I’ve been desperate to start the new Empress, Maori range for some time having picked up a couple of sets of the mighty warriors themselves at ‘Salute 2011’ earlier this year. A combination of my inability to remain on one task and the shear terror at trying to achieve a facial tattoo on a 28mm miniature has seen them slip further down the paint queue. “Enough is enough!” I have now declared and it’s time to give them a go and instantly I am struck with difficult decisions! The most pressing is a workable palette for the skin tone, which at the moment is veering towards a Native American Indian.
|On the ready line!
These first three were all based Vallejo 'Red Leather', which seemed to be an encouraging base but I then added Foundry 'Oriental Flesh', highlighted with Vallejo 'Rose Brown'. This gave a somewhat jaundiced appearance and need to be saved with a sepia wash before I was happy. Plan 'B' saw the original base but this time a Foundry 'Flesh Shade' was added before a final highlight with Vallejo 'Brown Rose'. In the end this is palette I'll think I'm going with just need a little tinkering with the highlight mix.
The tattoos themselves or Ta Moko, to give the process its traditional name, are absolutely fascinating. Unlike a modern tattoo, the traditional Maori permanent marking of the body and face is different in that the skin is actually carved by uhi (chisels) instead of being punctured with needles. This apparently leaves the skin with textured grooves, rather than the smooth surface of a normal tattoo.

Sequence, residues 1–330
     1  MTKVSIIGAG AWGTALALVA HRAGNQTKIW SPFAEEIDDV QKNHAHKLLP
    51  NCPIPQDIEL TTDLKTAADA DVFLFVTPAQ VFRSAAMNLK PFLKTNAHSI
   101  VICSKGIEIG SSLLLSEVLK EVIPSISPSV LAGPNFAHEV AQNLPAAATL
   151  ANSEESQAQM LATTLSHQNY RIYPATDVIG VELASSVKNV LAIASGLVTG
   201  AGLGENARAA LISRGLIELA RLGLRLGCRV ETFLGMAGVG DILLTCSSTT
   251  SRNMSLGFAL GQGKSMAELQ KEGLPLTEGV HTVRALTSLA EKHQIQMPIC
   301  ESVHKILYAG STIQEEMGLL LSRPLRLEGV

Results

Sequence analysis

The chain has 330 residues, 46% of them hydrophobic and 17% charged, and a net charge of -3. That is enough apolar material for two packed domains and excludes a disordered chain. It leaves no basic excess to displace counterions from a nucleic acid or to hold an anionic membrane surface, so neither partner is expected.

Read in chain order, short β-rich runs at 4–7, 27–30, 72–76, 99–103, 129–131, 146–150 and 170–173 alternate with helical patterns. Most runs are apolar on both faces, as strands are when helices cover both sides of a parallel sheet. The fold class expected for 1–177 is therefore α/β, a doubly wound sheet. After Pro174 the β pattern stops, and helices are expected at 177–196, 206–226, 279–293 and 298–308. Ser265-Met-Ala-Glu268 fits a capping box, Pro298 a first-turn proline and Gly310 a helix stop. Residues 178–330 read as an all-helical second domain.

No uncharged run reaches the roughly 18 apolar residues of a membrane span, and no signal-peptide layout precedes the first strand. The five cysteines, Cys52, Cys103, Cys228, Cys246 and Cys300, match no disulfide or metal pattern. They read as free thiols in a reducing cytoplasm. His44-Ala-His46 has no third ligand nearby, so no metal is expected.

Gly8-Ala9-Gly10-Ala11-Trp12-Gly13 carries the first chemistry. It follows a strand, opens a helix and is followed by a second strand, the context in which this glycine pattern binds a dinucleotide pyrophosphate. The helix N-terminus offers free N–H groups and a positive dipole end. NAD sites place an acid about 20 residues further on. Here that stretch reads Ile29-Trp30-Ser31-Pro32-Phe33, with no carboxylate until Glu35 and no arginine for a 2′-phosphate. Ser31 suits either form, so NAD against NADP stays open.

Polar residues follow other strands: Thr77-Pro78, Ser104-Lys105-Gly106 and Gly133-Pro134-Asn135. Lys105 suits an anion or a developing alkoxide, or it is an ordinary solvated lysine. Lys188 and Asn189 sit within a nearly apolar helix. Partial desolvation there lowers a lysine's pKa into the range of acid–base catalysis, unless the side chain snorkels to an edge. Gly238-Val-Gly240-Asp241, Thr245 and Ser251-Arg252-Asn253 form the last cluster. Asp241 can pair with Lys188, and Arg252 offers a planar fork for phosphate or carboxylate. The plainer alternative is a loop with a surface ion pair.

The process, Ta Moko is a fundamental element of the Maori culture representing commitment and respect; the practice itself is considered a tapu or sacred ritual. It is customary for men to wear Moko on their faces, buttocks, thighs and arms, whereas women usually wear a Moko on the chin and lips only.
The design of each Moko is unique to the wearer and conveys information as to their genealogy, tribal affiliations, status, and achievements. Now clearly I’m not about to try to replicate this at such a small scale but do feel that it is important to acknowledge them in some way.
Two of the gentlemen's whose blogs I follow were a wonderful starting point and I must extend my thanks to both Arteis over at 'Dressing the Lines' and Giles at 'Tarleton's Quarter'. Their examples have been very inspirational as too has been the wonderful online 'Tattoo Museum', definitely worth a look. In the end I identified various repeating examples of geometric patterns and simplified them to one or two marks using blue ink as this seemed to be closest to the colours portrayed in contemporary paintings.
The results to date:
I think I've got to the stage where I feel confident enough to go on a finish the small unit that I have prepared.
Moko - is generally divided into eight sections:
Ngakaipikirau (rank). The centre forehead area
Ngunga (position). Around the brows
Uirere (hapu rank). The eyes and nose area
Uma (first or second marriage). The temples
Raurau (signature). The area under the nose
Taiohou (work). The cheek area
Wairua (mana). The chin
Taitoto (birth status). The jaw